Millions of acres may be opened for offshore drilling after the House and Senate succumbed to a White House veto threat and agreed to lift a decades-old congressional moratorium.

the ban on offshore drilling is typically included in annual spending bills or continuing resolutions, but this year lawmakers agreed to let it expire on Oct. 1, House Appropriations Committee Chairman David Obey (D-Wis.) announced Tuesday night.

Obey announced an agreement on a continuing resolution (CR) to keep the government funded through March 6, which he said he expects the Senate and White House to agree to.

“I wouldn’t be here if I didn’t think we had an agreement with the Senate,” Obey said. Asked if he believed the White House would sign the bill, Obey said: “I wouldn’t expect them to endorse it, but I have every reason [to believe] they will accept it.”

The $600 billion bill will keep fiscal year 2008 funding levels in place until months into the next president’s first term. Obey said he “reluctantly” agreed to include the 2009 military construction bill, the Department of Defense spending bill and the Homeland Security spending bill to ease concerns on both sides of the aisle of not adequately funding the Pentagon.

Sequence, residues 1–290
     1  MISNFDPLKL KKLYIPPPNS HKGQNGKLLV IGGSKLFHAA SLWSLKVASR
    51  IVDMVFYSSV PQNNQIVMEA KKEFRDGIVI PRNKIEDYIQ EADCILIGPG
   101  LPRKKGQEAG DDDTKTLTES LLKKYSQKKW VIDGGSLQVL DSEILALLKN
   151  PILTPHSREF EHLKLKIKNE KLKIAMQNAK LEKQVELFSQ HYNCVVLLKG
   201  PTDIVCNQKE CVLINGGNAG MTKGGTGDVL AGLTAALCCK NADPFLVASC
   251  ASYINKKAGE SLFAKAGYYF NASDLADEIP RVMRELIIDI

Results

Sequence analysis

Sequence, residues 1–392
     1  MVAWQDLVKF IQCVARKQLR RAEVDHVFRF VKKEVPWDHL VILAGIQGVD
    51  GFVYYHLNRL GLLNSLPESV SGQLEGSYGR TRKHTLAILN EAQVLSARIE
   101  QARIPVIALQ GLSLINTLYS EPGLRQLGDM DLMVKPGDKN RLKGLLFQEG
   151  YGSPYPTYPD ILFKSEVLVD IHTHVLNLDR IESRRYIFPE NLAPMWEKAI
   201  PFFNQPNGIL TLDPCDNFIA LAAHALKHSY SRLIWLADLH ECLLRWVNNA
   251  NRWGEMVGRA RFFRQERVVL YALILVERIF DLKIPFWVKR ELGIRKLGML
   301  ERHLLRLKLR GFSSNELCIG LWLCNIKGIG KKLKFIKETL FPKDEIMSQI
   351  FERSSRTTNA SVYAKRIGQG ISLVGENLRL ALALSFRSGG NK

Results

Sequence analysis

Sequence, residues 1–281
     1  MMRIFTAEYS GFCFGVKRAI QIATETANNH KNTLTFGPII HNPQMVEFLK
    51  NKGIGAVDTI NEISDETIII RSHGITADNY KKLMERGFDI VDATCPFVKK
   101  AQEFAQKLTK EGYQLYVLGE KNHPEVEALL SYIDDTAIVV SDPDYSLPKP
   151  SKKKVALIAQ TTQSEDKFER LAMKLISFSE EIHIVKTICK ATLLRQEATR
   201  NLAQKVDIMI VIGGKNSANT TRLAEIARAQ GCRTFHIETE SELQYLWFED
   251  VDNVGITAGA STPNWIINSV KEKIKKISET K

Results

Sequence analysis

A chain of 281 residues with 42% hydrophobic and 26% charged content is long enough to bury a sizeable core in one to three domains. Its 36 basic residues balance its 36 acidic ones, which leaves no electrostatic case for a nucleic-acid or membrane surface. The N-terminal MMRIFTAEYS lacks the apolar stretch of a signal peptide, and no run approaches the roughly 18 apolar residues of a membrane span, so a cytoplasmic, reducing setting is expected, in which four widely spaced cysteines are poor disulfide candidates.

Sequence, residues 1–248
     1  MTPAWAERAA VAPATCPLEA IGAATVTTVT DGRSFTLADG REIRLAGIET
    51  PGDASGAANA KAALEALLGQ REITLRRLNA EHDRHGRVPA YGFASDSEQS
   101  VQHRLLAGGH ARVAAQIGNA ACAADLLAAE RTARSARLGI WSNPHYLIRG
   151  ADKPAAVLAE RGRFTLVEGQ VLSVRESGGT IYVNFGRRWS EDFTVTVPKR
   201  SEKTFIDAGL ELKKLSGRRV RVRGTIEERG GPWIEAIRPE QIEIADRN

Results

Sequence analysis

The CR will also include $23 billion in disaster relief funding and $5.2 billion for home heating assistance and fund $25 billion in already approved loans to the domestic auto industry, Obey said.

Obey said he wanted the inclusion of billions more in unemployment insurance and for food stamps and aid to states, but relented to White House veto threats on those provisions as well.

As a result, a separate stimulus bill will carry those items, and Democrats “will let the stimulus rise or fall on its own merits,” he said.“We’re not looking for a bill that the White House will veto,” Obey said.

But perhaps the biggest concession Democrats made was on the drilling moratorium, which House Speaker Nancy Pelosi (D-Calif.) was once adamant about keeping in place.

Obey said he and Pelosi wanted to include language similar to that which the House just passed, replacing the 125-mile moratorium with a 50-mile ban and a 50-to-100-mile “opt-in” provision for individual states.
“The White House made it clear that that was an absolute non-starter,” Obey said. “So that will mean, quite frankly, that the next administration will determine what the nation’s offshore drilling policy is … and, at least temporarily, the moratorium is lifted.”

House Minority Leader John Boehner (R-Ohio) called the news a “victory.”
“If true, this capitulation by Democrats following months of Republican pressure is a big victory for Americans struggling with record gasoline prices,” Boehner said in a statement.

House Republicans on Monday obtained a draft Democratic CR that contained the recently House-passed language and blasted Democrats for demanding further restrictions on offshore drilling.
Drew Hammill, a spokesman for Pelosi, praised the agreement Obey reached even without any provisions preventing the opening of all lands outside of three miles off the coasts.